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United States v. Lecron

United States District Court, N.D. Ohio, Western Division

July 2, 2019

United States of America, Plaintiff
v.
Elizabeth R. Lecron, et al., Defendants

          ORDER

          JAMES G. CARR SR. U.S. DISTRICT JUDGE

         This is a criminal case in which the grand jury has indicted defendants Elizabeth Lecron and Vincent Armstrong on seven counts related to their alleged plan to detonate a pipe bomb at a bar in downtown Toledo, Ohio. (Doc. 36, PageID 201-02).

         Count one of the indictment charges both defendants with conspiracy to transport or receive an explosive device with intent to kill, injure, or intimidate and to maliciously damage or destroy by fire, in violation of 18 U.S.C. § 844(n). (Doc. 9, PageID 49).

         Counts two and three allege that both defendants conspired to use a destructive device and firearms, respectively, during and in relation to a crime of violence - specifically, transportation of an explosive device and maliciously damaging or destroying property by fire or explosive - in violation of 18 U.S.C. § 924(o). (Id., PageID 50).

         Count four charges Lecron with possessing a firearm in furtherance of two crimes of violence - conspiracy to transport or receive an explosive with intent to kill, injure, or intimidate, and conspiracy to maliciously damage or destroy property by fire or explosive - in violation of 18 U.S.C. § 924(c)(1)(A)(i). (Id., PageID 51). Count five charges Armstrong with the same firearms offense in furtherance of the same crimes of violence. (Id.).

         Counts six and seven charge Armstrong only with making false statements to the FBI and transporting explosives in interstate commerce. (Id., PageID 52-53).

         Pending are the defendants' motions to dismiss counts two, three, four, and five. (Docs. 27, 34). The gravamen of the motions is that the § 924(c) predicate offenses are not in fact crimes of violence. For the following reasons, I grant the motion as to counts four and five of the indictment and hold the remainder of the motions in abeyance pending the receipt of further briefing from the parties.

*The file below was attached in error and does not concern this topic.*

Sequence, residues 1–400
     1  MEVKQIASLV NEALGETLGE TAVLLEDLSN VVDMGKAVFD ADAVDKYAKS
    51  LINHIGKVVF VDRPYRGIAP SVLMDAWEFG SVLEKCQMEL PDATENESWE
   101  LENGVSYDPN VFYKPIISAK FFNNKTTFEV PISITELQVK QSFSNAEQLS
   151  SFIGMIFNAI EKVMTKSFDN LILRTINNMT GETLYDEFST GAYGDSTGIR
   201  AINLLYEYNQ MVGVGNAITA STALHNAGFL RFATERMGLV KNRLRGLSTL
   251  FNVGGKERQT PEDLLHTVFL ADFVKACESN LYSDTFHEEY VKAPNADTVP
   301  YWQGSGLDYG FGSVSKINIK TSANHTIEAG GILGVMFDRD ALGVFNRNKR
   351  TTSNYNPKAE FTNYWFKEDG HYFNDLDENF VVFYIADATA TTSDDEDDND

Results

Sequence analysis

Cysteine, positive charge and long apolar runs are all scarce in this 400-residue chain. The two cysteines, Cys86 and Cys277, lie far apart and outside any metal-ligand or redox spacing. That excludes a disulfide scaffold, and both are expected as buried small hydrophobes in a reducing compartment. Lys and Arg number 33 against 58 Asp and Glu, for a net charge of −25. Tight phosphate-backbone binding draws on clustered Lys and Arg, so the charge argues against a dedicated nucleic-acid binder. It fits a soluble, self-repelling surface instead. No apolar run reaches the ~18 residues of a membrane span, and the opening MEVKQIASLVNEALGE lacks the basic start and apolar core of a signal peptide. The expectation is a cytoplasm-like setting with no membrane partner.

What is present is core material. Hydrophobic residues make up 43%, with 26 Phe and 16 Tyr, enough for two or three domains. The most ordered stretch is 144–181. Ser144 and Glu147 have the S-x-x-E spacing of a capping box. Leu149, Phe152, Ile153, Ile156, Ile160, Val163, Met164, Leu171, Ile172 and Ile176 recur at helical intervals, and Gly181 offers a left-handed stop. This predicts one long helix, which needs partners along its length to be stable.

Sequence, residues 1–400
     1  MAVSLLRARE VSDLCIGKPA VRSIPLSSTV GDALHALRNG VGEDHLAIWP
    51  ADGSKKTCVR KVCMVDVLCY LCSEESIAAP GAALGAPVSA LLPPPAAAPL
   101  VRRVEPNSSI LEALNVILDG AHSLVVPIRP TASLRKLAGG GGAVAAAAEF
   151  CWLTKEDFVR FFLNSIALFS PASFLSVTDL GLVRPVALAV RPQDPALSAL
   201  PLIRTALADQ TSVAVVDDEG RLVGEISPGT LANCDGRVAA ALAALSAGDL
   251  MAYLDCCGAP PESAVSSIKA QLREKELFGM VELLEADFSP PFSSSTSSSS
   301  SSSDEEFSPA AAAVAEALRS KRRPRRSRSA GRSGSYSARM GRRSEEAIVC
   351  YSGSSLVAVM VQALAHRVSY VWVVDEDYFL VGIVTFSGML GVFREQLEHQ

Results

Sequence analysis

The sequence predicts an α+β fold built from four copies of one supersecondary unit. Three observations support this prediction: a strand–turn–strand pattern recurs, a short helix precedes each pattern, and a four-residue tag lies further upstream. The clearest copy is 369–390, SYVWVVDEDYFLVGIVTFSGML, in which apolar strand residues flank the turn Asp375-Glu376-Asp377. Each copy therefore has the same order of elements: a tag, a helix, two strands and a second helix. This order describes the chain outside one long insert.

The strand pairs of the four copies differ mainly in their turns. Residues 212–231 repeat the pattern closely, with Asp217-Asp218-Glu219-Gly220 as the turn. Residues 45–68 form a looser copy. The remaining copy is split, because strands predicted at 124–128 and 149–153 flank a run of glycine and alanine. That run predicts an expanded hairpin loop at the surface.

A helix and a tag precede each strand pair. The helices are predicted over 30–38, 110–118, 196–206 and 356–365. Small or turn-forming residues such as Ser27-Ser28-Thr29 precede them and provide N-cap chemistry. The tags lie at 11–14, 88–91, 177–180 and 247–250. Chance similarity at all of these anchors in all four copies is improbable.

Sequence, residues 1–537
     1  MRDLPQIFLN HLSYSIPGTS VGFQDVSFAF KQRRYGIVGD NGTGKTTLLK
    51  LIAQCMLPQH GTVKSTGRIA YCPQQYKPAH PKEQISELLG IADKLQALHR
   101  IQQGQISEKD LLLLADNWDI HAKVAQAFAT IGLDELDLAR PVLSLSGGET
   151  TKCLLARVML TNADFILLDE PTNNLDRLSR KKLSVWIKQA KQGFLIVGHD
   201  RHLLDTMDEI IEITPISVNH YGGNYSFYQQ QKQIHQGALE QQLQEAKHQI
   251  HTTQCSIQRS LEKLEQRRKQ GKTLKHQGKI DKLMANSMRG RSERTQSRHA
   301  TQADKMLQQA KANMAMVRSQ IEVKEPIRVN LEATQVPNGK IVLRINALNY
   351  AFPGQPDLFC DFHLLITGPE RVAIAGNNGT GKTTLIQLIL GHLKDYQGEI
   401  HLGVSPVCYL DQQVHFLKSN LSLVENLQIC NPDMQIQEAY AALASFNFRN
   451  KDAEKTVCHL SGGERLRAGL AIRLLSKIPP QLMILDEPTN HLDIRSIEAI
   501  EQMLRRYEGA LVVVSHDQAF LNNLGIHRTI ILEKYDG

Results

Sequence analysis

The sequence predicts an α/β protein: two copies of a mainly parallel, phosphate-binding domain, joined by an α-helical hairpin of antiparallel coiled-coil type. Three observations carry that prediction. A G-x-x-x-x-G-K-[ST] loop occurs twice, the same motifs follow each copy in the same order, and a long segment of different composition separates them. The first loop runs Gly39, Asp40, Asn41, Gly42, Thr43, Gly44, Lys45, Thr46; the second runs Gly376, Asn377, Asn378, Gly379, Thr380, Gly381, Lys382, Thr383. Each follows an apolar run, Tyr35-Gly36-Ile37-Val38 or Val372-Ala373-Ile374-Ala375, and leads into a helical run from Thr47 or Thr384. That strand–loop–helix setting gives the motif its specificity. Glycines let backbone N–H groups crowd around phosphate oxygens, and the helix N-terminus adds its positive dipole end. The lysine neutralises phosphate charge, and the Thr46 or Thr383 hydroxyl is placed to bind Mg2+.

Standard of Review

          The four counts at issue each allege that Lecron and Armstrong acted “in relation to, ” “during, ” or “in furtherance of a “crime of violence” as set forth in 18 U.S.C. § 924(c).

         “Pursuant to § 924(c), ‘any person who, during and in relation to any crime of violence . . . uses or carries a firearm, or who, in furtherance of any such crime, possesses a firearm, shall' be subject to a mandatory minimum sentence to run consecutively to any other sentence.” U.S. v. Jackson, 918 F.3d 467, 478-79 (6th Cir. 2019) (quoting 18 U.S.C. § 924(c)).

         A “crime of violence” is a felony that either “has as an element the use, attempted use, or threatened use of physical force against the person or property of another” or “by its nature[ ] involves a substantial risk that physical force against the person or property of another may be used in the course of committing the offense.” 18 U.S.C. § 924(c)(3)(A), (B).

         After the parties briefed the motions to dismiss, the Supreme Court held in Davis v. U.S., ___ S.Ct. ___, 2019 WL 2570623 (2019), that § 924(c)(3)(B) is unconstitutionally vague. For that reason, I will consider whether the predicate offenses qualify as crimes of violence under the elements clause of § 924(c)(3)(A).

         “To determine whether a conviction offense is a ‘crime of violence,' [courts] apply a categorical approach focusing on the statutory definition of the offense, rather than the manner in which the offender may have violated the statute in a particular circumstance.” U.S. v. Gooch, 850 F.3d 285, 290 (6th Cir. 2017) (internal quotation marks omitted).

         “Under the categorical approach, courts must assume that the defendant's conviction rested upon nothing more than the least of the acts criminalized, and then determine whether those acts would qualify as a crime of violence[.]” U.S. v. Camp, 903 F.3d 594, 599 (6th Cir. 2018) (internal quotation marks omitted).

         Discussion

         A. Conspiracy

         The firearms charges in counts four and five identify the predicate crimes of violence as conspiracies to transport or receive an explosive with intent to kill and maliciously damage or destroy property by fire or explosive.

         Defendants argue that a conspiracy is not a crime of violence because it requires only “an agreement to commit an offense, ” and not “necessarily . . . the use, attempted use, or threatened use of force.” (Doc. 27, PageID 168). They rely on cases from the Fourth and Fifth Circuits holding that a conspiracy (specifically a conspiracy to commit Hobbs Act robbery) is not a crime of violence under § 924(c)(3)(A). U.S. v. Simms, 914 F.3d 229, 233 (4th Cir. 2019) (en banc); U.S. v. Davis, 903 F.3d 483, 485 (5th Cir. 2018) (per curiam), aff'd in part & vacated in part on other grounds by Davis, supra, ___ S.Ct. ___, 2019 WL 2570623.

         The government responds that “the Sixth Circuit has held that conspiracies can in fact constitute ‘crimes of violence,' so as to serve as predicates for convictions under Section 924(c).”

         1. Sixth ...


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